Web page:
The nation's three biggest banks -- JPMorgan Chase (JPM 0.51%), Bank of America (BAC 2.64%), and Citigroup (C 1.98%) -- said last week that trading revenues will be down in the third quarter, which ends on Sept. 30. This shouldn't come as a surprise to investors, as trading is as much as 10 times more volatile on a year-over-year basis compared to other common business lines at banks.
- Bank of America's CEO Brian Moynihan announced on Thursday that its trading revenue is likely to fall by 5% to 6%.
- Citigroup CFO John Gerspach forecast a 5% drop.
- JPMorgan Chase CEO Jamie Dimon acknowledged that its estimates are running "about the same as everybody else."
All three of these banks generate a substantial amount of revenue from trading. Over the first six months of 2015, JPMorgan Chase earned $6.5 billion from it, compared to $4.7 billion and $3.9 billion at Citigroup and Bank of America, respectively.
At the same time, however, volatility is the name of the game when it comes to trading. You can see this in the chart below, which compares JPMorgan Chase's quarterly revenue from three of its major business lines: trading, investment banking, and asset management.
While revenues from investment banking and asset management do fluctuate, they do so less violently than trading. On a year-over-year basis, JPMorgan Chase's quarterly trading revenues have fluctuated by a median of 35.9% since the beginning of 2006. Meanwhile, quarterly fluctuations in its asset management and investment banking businesses have swung by medians of only 6.3% and 4.5%, respectively.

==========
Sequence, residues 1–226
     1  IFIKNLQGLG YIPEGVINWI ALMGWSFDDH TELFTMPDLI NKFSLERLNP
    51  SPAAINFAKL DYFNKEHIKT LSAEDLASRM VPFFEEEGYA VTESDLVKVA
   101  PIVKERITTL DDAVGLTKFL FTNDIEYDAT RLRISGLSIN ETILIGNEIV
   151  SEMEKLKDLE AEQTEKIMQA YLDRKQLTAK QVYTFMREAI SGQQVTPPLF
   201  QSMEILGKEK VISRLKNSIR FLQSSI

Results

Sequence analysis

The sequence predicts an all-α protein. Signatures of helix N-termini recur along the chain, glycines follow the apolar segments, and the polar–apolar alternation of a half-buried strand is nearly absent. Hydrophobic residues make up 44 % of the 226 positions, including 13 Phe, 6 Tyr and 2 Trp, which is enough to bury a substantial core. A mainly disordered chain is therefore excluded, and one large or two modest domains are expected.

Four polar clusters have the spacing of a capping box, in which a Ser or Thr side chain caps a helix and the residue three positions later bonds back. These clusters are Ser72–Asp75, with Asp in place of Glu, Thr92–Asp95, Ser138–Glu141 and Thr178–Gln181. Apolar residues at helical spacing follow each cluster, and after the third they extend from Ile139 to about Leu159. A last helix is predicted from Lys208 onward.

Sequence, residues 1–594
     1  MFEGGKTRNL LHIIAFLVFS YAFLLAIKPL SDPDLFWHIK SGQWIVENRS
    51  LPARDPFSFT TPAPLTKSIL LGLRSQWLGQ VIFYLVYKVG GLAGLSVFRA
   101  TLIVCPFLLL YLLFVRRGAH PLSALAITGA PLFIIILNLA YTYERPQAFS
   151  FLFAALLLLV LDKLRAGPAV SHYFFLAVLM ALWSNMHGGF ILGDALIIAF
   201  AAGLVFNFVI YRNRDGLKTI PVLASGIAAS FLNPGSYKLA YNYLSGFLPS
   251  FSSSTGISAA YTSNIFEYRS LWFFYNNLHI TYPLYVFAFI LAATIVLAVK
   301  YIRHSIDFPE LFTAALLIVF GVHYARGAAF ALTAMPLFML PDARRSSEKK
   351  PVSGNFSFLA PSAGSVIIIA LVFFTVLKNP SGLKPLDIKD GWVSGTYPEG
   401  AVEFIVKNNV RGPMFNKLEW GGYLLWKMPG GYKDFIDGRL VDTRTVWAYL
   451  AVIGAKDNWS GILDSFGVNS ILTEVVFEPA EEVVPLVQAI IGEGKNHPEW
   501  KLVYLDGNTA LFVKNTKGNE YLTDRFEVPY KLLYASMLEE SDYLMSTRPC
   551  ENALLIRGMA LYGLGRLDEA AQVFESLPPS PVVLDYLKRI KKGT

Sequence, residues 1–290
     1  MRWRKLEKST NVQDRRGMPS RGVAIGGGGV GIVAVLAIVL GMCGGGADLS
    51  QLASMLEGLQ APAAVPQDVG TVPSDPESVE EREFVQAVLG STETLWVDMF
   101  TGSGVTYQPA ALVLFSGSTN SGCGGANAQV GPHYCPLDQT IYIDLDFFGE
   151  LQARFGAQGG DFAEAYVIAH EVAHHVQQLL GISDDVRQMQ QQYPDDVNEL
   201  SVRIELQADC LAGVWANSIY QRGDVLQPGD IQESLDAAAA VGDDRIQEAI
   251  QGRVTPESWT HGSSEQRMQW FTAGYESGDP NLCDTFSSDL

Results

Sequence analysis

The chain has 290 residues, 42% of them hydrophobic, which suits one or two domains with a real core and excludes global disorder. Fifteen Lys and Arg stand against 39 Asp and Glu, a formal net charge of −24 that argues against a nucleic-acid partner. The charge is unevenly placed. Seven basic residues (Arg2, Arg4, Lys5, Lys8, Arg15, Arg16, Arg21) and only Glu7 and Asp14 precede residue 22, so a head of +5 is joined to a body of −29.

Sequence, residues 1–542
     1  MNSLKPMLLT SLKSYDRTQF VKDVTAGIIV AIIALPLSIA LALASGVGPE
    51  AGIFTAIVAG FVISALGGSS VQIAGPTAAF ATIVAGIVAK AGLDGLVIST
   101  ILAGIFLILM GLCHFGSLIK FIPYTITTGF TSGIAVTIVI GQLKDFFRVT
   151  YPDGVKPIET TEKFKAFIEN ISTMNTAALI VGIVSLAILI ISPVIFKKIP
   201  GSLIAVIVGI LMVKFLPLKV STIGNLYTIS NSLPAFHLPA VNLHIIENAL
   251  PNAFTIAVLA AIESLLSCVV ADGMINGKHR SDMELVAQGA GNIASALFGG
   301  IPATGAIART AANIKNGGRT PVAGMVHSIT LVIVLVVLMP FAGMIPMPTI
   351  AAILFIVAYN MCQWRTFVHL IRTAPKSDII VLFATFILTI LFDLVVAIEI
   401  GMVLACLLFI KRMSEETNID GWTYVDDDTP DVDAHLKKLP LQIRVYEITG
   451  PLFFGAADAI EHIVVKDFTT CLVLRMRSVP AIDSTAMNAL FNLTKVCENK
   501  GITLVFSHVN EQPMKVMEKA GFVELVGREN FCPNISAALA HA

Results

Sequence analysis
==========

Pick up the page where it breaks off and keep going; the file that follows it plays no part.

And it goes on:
Another way to look at this is through the standard deviation, which is used to show how dispersed a particular dataset is around its average -- a bigger standard deviation translates into wider dispersion and vice versa. In JPMorgan Chase's case, the standard deviation associated with its quarterly trading revenue over the last decade is 2,288, which is upwards of 10 times the standard deviation of its quarterly asset management and investment banking operations.
This, combined with the fact that JPMorgan Chase has the largest trading operations of the nation's biggest commercial banks, goes a long way toward explaining why its shares trade for a discount relative to, say, Wells Fargo, a more traditional bank that earns only a tiny fraction of its income from trading. It also illustrates why investors shouldn't be surprised when a bank's trading revenues are either substantially higher or lower on a year-over-year basis. As the chart above shows, that's just how trading works.